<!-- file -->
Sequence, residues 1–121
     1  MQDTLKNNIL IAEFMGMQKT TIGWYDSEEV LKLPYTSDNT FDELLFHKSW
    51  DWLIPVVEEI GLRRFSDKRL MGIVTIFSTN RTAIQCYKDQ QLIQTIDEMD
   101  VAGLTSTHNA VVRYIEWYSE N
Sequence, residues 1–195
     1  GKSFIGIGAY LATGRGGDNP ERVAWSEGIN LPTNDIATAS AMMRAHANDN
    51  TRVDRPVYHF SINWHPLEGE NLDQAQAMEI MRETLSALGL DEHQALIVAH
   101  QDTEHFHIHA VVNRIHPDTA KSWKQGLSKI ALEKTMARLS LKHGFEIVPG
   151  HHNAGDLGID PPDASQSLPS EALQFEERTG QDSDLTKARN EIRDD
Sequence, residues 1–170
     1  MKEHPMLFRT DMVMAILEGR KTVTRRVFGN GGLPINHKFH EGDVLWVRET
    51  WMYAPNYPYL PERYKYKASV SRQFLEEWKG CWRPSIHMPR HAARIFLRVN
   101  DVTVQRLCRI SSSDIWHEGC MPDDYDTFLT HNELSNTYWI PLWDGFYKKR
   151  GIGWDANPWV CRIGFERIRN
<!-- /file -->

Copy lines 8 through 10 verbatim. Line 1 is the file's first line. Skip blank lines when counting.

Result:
   101  QDTEHFHIHA VVNRIHPDTA KSWKQGLSKI ALEKTMARLS LKHGFEIVPG
   151  HHNAGDLGID PPDASQSLPS EALQFEERTG QDSDLTKARN EIRDD
Sequence, residues 1–170